Emma Ruth Rundle : Marked For Death

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Emma Ruth Rundle Marked For Death review

Emma Ruth Rundle’s voice is often heard in the context of layers of dreamy, hypnotic guitars as part of Los Angeles heavy shoegaze group Marriages. She’s also one of the musicians in that band who provides much of those heady, effects-treated guitars, and prior to that lent her six-string alchemy to the constantly evolving post-metal outfit Red Sparowes, joining the group shortly before releasing their prettiest album, The Fear Is Excruciating, But Therein Lies the Answer. As a solo artist, however, the only constant is her guitar. Her debut cassette release Electric Guitar 1 doesn’t even have any prominent vocals, instead featuring a series of gorgeous, ambient guitar drones that strayed from the context of pop songwriting. What she’s gradually built up from there has been both fascinating and expectedly haunting, her Sargent House debut Some Heavy Ocean more aligned with the ethereal folk of Marissa Nadler by way of the darkwave doom of Chelsea Wolfe. Its follow-up, Marked For Death, only grows upward from that foundation, with Rundle’s songs more fully fleshed out and presented in a richer full-band context.

Marked For Death is Rundle’s heaviest release to date, which shouldn’t be all that surprising to anyone who has spent time exploring the depth and expanse of sound in her other bands. As a result of that, the album also ends up being her most accessible, the benefit of bigger arrangements and cranked amps contributing to more dramatic build-ups and clearly defined hooks. The opening title track provides immediate evidence of her shift in approach, its progression both dark and immediate as Rundle’s stark guitar strums build up to a powerful chorus with a crash of cymbal and snare. There’s a romantic fatalism at the heart of Rundle’s lyric, to a literal degree; “Who else is going to love someone like you that’s marked for death?” she sings, finding a strange sort of sensuality in hopelessness. There’s a similar sense of anguish to “Protection,” which features one of Rundle’s most expressive vocal performances. “I am worthless in your arms,” she sings, “But you offer this protection no one else has given me.” It’s here that the song swells and explodes into the most thrilling climax on the album, the darkness in her heart mirrored by the roar of sound.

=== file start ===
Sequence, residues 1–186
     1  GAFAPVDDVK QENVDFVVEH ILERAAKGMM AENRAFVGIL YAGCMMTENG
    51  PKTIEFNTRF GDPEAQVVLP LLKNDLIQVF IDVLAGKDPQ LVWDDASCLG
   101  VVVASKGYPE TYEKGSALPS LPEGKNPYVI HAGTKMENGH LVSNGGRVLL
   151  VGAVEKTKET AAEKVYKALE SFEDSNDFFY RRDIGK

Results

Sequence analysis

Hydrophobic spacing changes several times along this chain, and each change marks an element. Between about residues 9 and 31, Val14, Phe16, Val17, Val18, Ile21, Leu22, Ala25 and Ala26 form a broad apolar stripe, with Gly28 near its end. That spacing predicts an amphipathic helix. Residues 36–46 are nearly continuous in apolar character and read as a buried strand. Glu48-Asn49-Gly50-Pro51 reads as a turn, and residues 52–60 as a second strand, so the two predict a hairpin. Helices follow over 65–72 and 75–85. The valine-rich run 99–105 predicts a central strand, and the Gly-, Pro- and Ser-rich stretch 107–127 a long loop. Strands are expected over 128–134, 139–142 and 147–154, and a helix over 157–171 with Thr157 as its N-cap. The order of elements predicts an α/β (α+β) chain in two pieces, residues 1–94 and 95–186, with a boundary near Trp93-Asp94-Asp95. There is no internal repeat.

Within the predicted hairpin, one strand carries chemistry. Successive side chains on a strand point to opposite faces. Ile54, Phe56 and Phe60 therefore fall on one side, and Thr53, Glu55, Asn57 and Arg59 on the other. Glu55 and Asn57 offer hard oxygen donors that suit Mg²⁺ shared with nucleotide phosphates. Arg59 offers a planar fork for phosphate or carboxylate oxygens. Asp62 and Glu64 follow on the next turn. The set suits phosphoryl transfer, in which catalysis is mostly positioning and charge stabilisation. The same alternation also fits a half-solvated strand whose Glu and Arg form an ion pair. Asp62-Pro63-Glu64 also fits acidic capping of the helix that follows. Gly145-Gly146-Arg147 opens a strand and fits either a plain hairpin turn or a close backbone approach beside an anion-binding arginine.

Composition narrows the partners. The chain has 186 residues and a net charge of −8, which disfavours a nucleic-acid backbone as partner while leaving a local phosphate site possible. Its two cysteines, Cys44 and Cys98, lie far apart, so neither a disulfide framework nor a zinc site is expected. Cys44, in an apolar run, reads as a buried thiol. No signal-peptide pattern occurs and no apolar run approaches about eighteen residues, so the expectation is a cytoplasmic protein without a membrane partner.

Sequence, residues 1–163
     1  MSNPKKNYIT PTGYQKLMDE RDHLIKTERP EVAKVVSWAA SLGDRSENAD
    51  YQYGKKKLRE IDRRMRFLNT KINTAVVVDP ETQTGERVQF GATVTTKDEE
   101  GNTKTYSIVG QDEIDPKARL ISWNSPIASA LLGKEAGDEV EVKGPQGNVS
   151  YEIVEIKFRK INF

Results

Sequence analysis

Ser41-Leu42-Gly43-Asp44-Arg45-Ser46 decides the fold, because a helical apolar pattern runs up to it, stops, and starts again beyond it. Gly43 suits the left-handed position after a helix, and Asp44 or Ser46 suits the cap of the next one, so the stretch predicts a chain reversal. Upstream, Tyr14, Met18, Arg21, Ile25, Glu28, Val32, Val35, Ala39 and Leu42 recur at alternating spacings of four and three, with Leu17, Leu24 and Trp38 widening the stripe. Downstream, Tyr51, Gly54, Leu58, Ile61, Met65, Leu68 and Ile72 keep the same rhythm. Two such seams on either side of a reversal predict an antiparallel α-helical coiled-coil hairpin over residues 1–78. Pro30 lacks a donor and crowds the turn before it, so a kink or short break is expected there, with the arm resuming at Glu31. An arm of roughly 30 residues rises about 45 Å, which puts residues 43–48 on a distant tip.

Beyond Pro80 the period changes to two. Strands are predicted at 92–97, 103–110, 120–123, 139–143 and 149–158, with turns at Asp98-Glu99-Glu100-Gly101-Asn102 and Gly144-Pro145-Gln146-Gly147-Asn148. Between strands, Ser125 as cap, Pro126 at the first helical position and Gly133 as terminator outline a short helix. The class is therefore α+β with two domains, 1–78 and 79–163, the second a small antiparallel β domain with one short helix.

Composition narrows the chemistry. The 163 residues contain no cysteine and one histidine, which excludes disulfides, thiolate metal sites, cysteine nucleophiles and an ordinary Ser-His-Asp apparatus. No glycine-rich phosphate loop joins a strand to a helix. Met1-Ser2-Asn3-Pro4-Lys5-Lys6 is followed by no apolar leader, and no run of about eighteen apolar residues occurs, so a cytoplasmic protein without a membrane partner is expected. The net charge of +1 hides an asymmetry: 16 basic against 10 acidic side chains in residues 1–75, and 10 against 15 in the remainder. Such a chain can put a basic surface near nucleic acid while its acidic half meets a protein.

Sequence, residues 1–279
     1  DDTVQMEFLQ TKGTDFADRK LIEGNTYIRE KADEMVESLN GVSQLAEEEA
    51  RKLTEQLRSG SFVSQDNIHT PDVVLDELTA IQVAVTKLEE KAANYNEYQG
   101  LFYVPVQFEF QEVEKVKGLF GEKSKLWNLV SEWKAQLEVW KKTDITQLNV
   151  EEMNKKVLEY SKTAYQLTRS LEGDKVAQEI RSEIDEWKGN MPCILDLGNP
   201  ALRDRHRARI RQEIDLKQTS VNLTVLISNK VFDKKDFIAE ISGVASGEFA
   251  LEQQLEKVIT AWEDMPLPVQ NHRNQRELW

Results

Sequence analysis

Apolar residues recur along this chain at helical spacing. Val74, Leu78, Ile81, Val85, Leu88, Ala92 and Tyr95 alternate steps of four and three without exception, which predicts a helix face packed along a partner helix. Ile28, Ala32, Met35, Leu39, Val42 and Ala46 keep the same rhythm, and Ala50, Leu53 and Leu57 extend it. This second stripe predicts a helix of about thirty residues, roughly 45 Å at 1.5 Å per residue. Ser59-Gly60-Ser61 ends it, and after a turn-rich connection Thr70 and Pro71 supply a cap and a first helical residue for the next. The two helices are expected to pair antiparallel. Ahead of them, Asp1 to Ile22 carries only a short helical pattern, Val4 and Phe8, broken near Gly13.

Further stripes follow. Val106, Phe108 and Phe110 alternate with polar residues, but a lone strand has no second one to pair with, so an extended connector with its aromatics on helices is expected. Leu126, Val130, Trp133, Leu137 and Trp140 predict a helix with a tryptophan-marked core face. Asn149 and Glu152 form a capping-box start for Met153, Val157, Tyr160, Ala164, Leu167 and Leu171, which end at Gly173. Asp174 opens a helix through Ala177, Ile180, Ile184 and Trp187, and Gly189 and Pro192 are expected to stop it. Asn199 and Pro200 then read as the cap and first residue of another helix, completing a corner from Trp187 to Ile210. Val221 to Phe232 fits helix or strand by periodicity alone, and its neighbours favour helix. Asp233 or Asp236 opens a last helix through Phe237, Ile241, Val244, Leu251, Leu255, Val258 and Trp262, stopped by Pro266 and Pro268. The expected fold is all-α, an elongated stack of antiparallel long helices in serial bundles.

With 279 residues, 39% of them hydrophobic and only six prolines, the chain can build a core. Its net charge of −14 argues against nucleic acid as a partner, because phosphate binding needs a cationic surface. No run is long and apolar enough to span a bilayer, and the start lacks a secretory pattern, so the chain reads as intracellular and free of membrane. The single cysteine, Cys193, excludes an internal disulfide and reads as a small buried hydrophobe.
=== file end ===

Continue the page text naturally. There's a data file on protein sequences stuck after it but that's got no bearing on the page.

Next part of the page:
There’s a thematic heaviness to Marked for Death that mirrors the storms of melody she crafts. She finds a compelling beauty in despair-laden narratives, treating each subject with a tender humanity while acknowledging that there’s often no happy ending to be had, nor even many rays of hope. The title figure of “Medusa” is sympathetic yet doomed (“You say nobody ever will love you“) as Rundle builds the song up into a stunning, layered waltz. “Hand of God” is in a state of perpetual ascension, building toward a chorus that’s at once energizing and devastating: “I wear the colors of Babylon/ Into a world, dressed as the girl I know is gone.” No single moment is as delicately defeating as closing track “Real Big Sky,” sung from the perspective of watching a loved one die. It’s one of the starkest arrangements of the album, mostly composed of Rundle’s voice and distorted guitar, but the sparseness reinforces her palpable grief as she sings, “I don’t want to be awake when it takes me/I can’t wait to see your smile on the other side.”

The intimacy of Emma Ruth Rundle’s wounded narratives on Marked For Death seem to stand in marked contrast to the density of her guitar-driven arrangements, though balancing contrasts has been one of Rundle’s greatest strengths since the beginning. Every band she’s been involved with is simultaneously graceful and heavy, while the same could be said for her own solo material. Marked for Death is the solo album of hers in which she most strongly showcases that juxtaposition, offering up a set of eight songs that would have worked strongly enough as stripped-down dirges but instead are given the gift of volume and low end. There’s no one-size-fits-all method for catharsis, but Rundle’s is a particularly potent one.

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